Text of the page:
The scope of personal information available within and to the CRB is limited, precisely to prevent information being used inappropriately. All information on applicants is held confidentially in secure computer files, and we have taken steps to ensure that our systems and procedures prevent authorised access and unlawful disclosure. The CRB has taken advice from the Information Commissioner during the time when the disclosure application forms and our procedures were being drafted, and all personal information applications provide with their disclosure application will be protected under the Data Protection Act 1998.

Baroness Blatch asked Her Majesty's Government:

    Whether any penalty clauses were built into the contract with Capita to process criminal record checks; whether any such clauses have been invoked; and to what effect.[HL216]

Lord Falconer of Thoroton: The contract contains a series of "Milestones" schedule dates, which, in turn have liquidated damage (financial remedies) regimes attached to them. The contract also defines contracted service levels, failure to achieve these results in financial remedies being applied by the agency. Both categories of financial remedy have been applied.

Updated Drug Strategy

Lord Hughes of Woodside asked Her Majesty's Government:

    When they intend to publish their Updated Drug Strategy.[HL400]

Lord Falconer of Thoroton: All controlled drugs are harmful and will remain illegal. Drug misuse is the biggest challenge society faces. It damages the health and life chances of individuals. It undermines family life, turns law-abiding citizens into thieves and erodes communities. It is essential that we educate the young about the dangers of drugs, prevent drug misuse, tackle the dealers to reduce the prevalence of drugs on the streets and reduce the harm drugs cause.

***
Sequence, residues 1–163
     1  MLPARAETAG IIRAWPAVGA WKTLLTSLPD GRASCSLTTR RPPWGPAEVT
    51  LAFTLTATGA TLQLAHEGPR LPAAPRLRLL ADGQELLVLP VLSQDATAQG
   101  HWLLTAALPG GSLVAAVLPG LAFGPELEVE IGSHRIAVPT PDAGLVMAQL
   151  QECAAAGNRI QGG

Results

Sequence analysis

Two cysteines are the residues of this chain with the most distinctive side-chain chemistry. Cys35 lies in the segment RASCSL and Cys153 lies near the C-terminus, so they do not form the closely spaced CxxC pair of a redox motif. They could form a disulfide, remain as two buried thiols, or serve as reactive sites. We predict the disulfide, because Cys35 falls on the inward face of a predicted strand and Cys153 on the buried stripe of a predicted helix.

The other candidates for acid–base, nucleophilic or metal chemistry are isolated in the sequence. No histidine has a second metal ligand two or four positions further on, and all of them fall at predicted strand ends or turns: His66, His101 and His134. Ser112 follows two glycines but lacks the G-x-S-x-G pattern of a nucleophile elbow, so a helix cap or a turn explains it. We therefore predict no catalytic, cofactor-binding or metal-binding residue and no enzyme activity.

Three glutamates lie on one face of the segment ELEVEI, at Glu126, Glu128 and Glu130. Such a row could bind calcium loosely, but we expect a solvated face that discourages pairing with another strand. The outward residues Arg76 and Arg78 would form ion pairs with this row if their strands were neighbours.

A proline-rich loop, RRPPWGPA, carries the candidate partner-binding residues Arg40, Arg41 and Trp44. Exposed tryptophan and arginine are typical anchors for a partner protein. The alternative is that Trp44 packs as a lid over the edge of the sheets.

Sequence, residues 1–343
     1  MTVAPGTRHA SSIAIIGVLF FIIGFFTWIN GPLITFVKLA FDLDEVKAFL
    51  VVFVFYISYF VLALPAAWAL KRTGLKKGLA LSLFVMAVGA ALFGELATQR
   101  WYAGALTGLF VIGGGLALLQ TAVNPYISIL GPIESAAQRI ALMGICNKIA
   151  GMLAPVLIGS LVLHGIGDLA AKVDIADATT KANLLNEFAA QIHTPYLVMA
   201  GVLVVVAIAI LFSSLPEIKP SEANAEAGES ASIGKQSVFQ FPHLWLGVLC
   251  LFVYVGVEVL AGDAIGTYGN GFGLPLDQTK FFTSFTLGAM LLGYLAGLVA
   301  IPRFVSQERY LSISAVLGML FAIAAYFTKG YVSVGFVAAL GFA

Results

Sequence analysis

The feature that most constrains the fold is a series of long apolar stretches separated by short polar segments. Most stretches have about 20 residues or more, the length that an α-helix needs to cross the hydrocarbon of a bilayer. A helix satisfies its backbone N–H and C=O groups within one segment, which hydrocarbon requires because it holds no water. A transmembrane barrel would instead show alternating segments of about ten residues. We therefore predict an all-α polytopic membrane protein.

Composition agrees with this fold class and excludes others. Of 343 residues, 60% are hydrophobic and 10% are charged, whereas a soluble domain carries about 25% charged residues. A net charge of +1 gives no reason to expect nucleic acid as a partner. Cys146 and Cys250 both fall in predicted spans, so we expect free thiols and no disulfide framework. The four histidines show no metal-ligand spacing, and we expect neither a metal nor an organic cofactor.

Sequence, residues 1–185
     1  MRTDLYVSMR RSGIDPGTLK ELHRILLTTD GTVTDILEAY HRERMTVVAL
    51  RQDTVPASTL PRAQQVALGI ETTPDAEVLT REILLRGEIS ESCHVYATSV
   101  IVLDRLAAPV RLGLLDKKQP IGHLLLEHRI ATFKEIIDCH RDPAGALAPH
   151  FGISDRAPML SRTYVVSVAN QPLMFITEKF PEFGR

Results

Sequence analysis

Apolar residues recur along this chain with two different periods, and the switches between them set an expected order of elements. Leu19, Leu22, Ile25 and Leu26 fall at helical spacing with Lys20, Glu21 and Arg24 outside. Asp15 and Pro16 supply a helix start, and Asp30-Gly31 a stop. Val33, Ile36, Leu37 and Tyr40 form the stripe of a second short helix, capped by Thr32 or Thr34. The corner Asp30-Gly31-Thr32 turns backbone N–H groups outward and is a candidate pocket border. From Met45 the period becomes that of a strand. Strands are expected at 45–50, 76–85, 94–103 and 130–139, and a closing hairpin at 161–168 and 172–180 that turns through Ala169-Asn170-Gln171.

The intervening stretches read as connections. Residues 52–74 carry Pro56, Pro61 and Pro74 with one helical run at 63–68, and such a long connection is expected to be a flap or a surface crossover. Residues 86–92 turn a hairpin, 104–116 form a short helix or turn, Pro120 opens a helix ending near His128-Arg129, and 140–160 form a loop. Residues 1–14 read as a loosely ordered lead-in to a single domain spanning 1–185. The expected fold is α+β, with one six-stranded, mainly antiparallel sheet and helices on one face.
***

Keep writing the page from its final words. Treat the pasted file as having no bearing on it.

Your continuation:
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To address this, the Government have published their Updated Drug Strategy developed to take account of new evidence of what works and to focus on delivery.

In 1998 the first cross-cutting strategy was introduced to tackle drug trafficking, supply and misuse. This update builds on the foundations laid and the lessons learnt. We must concentrate on the most dangerous drugs, the most damaged communities and the individuals whose addiction and chaotic lifestyles are the most harmful, both to themselves and others. Education, prevention, enforcement, treatment and harm minimisation are our most powerful tools.

Setting out a range of policies and interventions, the Updated Drug Strategy provides:

    A tougher focus on Class A drugs;

    A stronger focus on education, enforcement and treatment to prevent and tackle problematic drug use;

    More resources—direct annual expenditure for tackling drugs will rise from £1,026 million in this financial year to £1,244 million in the next financial year, £1,344 million in the year starting April 2004 to a total annual spend of nearly £1.5 billion in the year starting April 2005—an increase of 44 per cent;

    A major new education campaign to be launched in Spring 2003 to drive home the risks of drug misuse. More support for parents, carers and families so they can easily access advice, help, counselling and mutual support;

    More help for the young people most at risk of developing drug problems through increased outreach and community treatment and an extension of drug testing and referrals to treatment and care via the youth justice system so that by 2006, we are able to support 40,000 to 50,000 vulnerable young people a year;